# second order differential equations (spring)

Printable View

• Nov 11th 2009, 04:47 PM
yen yen
second order differential equations (spring)
im doing revision for my calculus and under second order differential equations under springs-free vibrations, i saw this formula R=(beta)(y with a dot on top)
can anyone tell me what that y with a dot on top means? there is also one with 2 dots on top. i know that the beta is the damping constant. just need help from someone about the y with dots. thanks
• Nov 11th 2009, 06:51 PM
Coomast
Quote:

Originally Posted by yen yen
im doing revision for my calculus and under second order differential equations under springs-free vibrations, i saw this formula R=(beta)(y with a dot on top)
can anyone tell me what that y with a dot on top means? there is also one with 2 dots on top. i know that the beta is the damping constant. just need help from someone about the y with dots. thanks

Hello yen yen,

The dot means nothing more than the derivative with respect to time of the variable you're looking at, p.e.

$\displaystyle \dot{x}=\frac{dx}{dt}$

double dots mean: take the derivative twice...

hope this helps,

Coomast
• Nov 11th 2009, 06:53 PM
yen yen
Quote:

Originally Posted by Coomast
Hello yen yen,

The dot means nothing more than the derivative with respect to time of the variable you're looking at, p.e.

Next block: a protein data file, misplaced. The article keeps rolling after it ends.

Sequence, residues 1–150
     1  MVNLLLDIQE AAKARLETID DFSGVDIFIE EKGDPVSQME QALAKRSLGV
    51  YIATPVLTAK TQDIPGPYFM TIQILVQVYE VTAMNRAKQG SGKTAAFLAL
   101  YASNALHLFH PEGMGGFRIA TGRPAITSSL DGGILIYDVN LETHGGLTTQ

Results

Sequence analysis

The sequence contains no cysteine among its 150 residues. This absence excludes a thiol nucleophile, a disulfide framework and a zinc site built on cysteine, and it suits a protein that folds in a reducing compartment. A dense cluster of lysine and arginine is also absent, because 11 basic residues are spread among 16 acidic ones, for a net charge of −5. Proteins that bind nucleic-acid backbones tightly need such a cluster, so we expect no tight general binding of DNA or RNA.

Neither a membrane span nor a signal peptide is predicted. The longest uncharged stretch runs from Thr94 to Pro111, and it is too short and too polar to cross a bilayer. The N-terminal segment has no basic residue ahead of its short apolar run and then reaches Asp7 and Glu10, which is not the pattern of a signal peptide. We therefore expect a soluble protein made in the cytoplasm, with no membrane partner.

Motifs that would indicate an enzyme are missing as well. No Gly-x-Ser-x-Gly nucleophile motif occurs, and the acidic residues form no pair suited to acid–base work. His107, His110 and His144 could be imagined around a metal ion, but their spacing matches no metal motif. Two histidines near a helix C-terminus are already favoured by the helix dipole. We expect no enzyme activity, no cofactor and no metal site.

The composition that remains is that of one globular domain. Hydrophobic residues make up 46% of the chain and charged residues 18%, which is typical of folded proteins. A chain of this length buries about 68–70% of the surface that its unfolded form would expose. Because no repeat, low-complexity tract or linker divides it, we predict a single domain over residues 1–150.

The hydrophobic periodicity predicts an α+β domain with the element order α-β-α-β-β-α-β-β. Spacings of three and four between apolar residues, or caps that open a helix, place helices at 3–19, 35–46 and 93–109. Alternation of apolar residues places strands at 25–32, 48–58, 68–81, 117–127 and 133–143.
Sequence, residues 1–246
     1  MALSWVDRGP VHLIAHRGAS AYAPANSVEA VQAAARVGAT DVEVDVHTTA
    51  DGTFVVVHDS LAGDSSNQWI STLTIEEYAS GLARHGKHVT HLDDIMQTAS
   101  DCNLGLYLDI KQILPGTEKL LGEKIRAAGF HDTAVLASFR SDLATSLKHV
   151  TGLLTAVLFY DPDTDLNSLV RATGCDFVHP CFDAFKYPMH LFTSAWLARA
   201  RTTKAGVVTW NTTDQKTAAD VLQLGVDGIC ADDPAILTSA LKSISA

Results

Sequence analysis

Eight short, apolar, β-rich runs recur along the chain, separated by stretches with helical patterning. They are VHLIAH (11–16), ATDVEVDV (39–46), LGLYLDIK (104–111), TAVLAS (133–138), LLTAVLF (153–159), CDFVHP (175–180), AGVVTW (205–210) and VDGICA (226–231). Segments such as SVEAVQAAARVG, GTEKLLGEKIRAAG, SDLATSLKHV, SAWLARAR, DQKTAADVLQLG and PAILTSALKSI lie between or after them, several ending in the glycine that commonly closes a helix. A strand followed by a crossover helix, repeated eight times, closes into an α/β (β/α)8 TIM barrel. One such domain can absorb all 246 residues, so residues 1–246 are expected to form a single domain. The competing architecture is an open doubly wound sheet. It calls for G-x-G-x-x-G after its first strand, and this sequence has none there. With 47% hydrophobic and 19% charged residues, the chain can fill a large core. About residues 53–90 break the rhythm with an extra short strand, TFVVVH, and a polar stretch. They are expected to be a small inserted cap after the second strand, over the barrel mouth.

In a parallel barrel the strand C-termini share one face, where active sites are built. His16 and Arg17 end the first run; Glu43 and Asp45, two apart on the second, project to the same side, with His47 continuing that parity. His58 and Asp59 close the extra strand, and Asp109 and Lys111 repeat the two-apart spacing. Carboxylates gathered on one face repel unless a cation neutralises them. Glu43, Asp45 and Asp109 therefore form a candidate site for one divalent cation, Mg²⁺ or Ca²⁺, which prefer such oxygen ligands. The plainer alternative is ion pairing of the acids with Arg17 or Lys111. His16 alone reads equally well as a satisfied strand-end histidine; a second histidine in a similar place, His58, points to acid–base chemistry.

$\displaystyle \dot{x}=\frac{dx}{dt}$

double dots mean: take the derivative twice...

hope this helps,

Coomast

oh. so y with a dot on top is the same as y'? silly me... should have paid attention in lectures. thanks
• Nov 12th 2009, 12:07 PM
Coomast
No, the dot means to take the derivative with respect to time, an accent means with respect to another variable, p.e. x (it can also mean time t though). They both mean indeed the derivative but the dot is used more in mechanics (time), while the accent is used more in mathematics (any variable, p.e. x or t). Is this clearing the difference?

It can be confusing, and to be honest I do not know why they use a different symbol for the time derivative in mechanics. In math this difference is not made, at least as far as I know.

Coomast